Everybody Wants a Piece of Kimani Gray

How a boy's death became street theater in Flatbush

Both Quinter and Kyanna said they were ambivalent about their role as outsiders at the protest. "That's why I didn't come last night, because I wasn't sure I had anything to offer," Quinter said. "I think we need to try to identify community leaders who want to build up power in the community, and take their direction. And not these fake-ass community leaders who are just collaborators with the police, but somebody who actually has a genuine interest in defending against police violence."

Suddenly, a commotion exploded on the sidewalk. Shamar Thomas, a huge man in a camouflage jacket and Martin Luther King sweatshirt, was bellowing at a pair of white twentysomethings, a small woman and a tall, lanky man, who had been talking a little too loudly about killing police. The cop-killer talk didn't sit well with Thomas, a former Marine who gained a small measure of fame for standing up to police violence during Occupy Wall Street. He pointed a little digital video camera at the two, shouting "These are the people telling people to kill police in our neighborhood!" As Thomas brought his imposing frame close to the plainly terrified subjects of his wrath, they hastily masked up, pulling bandannas up over their faces. The stream of marchers began to snag around the conflict, people bunching around Thomas and the supposed cop-killers like kids around a playground fight. In the long column of police pacing the protesters just off the sidewalk, some of the junior officers hesitated, glancing at each other, wondering if they ought to intervene. "Let them fight among themselves," a senior officer said.

The two white protesters skedaddled, and Thomas carried on with the march. "The little homies from around here are so excited, but ain't nobody doing court support for them," he said. "Ain't nobody putting nothing in their commissary. And you're gonna come here and incite shit? Get the fuck out of my neighborhood with that." (Thomas, a two-tour Iraq veteran and recent Survivor contestant, is from Nassau County.)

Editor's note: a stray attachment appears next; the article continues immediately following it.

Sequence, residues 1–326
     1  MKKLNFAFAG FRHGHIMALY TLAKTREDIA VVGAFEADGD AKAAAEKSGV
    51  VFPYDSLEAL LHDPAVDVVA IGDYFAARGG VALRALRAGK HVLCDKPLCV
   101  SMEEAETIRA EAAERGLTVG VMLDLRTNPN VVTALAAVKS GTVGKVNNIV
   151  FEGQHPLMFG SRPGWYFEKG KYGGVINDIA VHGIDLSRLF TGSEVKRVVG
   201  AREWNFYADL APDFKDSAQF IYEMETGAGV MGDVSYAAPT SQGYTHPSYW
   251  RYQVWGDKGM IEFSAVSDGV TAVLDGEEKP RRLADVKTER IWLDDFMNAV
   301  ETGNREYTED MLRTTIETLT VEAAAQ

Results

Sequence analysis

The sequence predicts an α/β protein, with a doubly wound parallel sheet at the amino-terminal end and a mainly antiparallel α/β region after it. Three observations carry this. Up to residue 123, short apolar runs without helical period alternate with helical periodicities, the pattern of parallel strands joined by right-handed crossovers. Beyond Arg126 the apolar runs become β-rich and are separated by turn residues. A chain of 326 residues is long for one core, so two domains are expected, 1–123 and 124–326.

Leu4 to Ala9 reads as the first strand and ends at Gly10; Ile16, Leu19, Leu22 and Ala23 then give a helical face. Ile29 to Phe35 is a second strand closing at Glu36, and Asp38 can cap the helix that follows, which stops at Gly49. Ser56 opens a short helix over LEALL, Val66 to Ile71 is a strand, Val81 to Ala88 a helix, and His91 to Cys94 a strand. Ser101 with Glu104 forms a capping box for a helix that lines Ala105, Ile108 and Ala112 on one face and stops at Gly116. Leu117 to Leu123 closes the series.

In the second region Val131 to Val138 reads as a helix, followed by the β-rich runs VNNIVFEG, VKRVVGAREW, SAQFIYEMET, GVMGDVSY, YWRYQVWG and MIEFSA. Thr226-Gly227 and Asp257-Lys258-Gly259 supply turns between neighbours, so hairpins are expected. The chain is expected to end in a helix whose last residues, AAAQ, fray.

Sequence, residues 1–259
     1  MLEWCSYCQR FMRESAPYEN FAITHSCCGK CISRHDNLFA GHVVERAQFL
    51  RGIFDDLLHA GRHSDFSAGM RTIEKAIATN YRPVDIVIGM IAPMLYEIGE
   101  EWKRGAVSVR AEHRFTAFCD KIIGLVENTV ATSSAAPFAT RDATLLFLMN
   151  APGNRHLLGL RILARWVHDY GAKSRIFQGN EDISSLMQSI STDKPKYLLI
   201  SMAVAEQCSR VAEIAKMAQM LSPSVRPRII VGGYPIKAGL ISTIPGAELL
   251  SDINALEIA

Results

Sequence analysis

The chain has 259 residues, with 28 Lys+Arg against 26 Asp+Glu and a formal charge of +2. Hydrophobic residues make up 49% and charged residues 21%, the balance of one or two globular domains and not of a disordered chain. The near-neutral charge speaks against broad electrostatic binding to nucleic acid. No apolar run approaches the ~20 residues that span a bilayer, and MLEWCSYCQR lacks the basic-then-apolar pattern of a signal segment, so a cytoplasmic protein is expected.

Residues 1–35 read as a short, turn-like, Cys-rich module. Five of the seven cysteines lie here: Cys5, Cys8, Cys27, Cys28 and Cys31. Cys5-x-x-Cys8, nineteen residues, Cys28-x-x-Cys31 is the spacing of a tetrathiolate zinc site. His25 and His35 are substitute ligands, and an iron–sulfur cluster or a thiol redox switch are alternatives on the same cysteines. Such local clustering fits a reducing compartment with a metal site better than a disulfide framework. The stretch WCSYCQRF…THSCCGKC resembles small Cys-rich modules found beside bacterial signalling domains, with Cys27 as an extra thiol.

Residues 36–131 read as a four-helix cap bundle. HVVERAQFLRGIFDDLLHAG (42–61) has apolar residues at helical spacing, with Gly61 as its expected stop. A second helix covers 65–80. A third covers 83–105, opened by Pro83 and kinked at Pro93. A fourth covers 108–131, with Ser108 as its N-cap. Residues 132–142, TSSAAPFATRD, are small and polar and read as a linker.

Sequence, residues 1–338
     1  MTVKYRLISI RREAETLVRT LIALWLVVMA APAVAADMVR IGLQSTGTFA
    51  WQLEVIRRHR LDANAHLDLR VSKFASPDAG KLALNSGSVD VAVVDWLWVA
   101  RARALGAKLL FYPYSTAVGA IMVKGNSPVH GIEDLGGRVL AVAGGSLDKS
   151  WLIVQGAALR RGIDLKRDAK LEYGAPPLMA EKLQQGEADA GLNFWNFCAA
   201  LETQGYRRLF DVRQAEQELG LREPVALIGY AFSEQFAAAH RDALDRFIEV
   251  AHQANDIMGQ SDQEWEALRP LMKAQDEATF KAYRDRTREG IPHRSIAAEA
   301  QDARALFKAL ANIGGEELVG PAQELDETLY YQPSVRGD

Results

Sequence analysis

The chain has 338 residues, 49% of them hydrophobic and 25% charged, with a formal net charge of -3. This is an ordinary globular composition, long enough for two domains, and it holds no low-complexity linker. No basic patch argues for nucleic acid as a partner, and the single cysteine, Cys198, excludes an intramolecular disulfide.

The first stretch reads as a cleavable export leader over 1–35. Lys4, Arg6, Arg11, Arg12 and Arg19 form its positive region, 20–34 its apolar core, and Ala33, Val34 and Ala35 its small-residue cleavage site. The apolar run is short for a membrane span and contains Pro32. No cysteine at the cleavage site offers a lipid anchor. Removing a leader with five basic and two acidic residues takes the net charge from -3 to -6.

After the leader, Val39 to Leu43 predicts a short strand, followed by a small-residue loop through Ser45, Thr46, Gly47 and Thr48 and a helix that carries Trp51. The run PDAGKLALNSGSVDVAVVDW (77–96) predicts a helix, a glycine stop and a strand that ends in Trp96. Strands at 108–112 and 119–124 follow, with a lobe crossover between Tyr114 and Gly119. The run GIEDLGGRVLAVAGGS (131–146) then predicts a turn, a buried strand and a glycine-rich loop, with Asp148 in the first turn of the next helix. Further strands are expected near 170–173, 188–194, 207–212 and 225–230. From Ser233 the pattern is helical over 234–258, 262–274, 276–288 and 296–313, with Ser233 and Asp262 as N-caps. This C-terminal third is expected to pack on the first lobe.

Far left: activist Fatimah Shakur and Kimani Gray’s cousin Joe Holder.
Alan Chin
Far left: activist Fatimah Shakur and Kimani Gray’s cousin Joe Holder.
Shamar Thomas, a former Marine, clashed with other protesters.
Alan Chin
Shamar Thomas, a former Marine, clashed with other protesters.
Frustrated police pause after a young man they had chased for more than a block outran them and got away on March 13.
Alan Chin
Frustrated police pause after a young man they had chased for more than a block outran them and got away on March 13.
On March 14, young people from the neighborhood stood off to the side as protesters demonstrated near the 67th Precinct.
Alan Chin
On March 14, young people from the neighborhood stood off to the side as protesters demonstrated near the 67th Precinct.

The squabble eventually carried over into the next day, as a new Fire Next Time post called out Thomas, along with Williams and others, as "tentacles of the empire," declaring, "anarchists and (ultra-left) communists cannot let racial pimps like Thomas bully them with reformists politics. As long as that occurs, non-Black militants will never get respect in the hood." Thomas fired back in the post's comment section, setting off a lengthy flame war. "Y'all on some division BS," he wrote. "I'll smack the shit out of y'all. And if y'all want war we can do that too. Fuck you if you oppose me. I'm around. Y'all all mouth. If y'all wanna meet and bang let's do it. Y'all punks."

The 67th Precinct and the church where the community meeting had been called are only a few blocks apart. After half an hour of fierce bickering, the crowd started marching together in the same direction anyway, picking up speed as it headed west. An older man from the neighborhood, walking upstream through the marchers, was bemused. "Lot of these are white people," he said to himself. Asked by a reporter whether he thought that was a good or a bad thing, he shook his head. "It's weird."

The arguments about direction flared up all over again when the protesters finally reached the storefront church. "If you're here for the community, go in the church," instructed a clergyman allied with Williams. "Don't believe this hype!" shouted Fatimah Shakur, urging the crowd on to the precinct. Only a handful of people, mostly older, went into the church. "All y'all that's going to the precinct, if any of our youth go and get incarcerated tonight, y'all accountable," warned Kenny Carter of FAITH. "What I'm saying, bro, y'all buggin' out," Jose LaSalle, the anti-stop-and-frisk activist, responded. "You gotta listen to the people."

Inside the mostly empty church, the conversation was unstructured and prone to meandering and grandstanding. Outside, near the precinct on the corner of Snyder and Nostrand, the remaining activists chanted at the police from behind a metal barricade. Someone threw a bottle, but the cops didn't take the bait. Off to the side, a handful of young black men hung back. They leaned against a wall, hoodies pulled over their heads, and watched the scene unfold.

npinto@villagevoice.com

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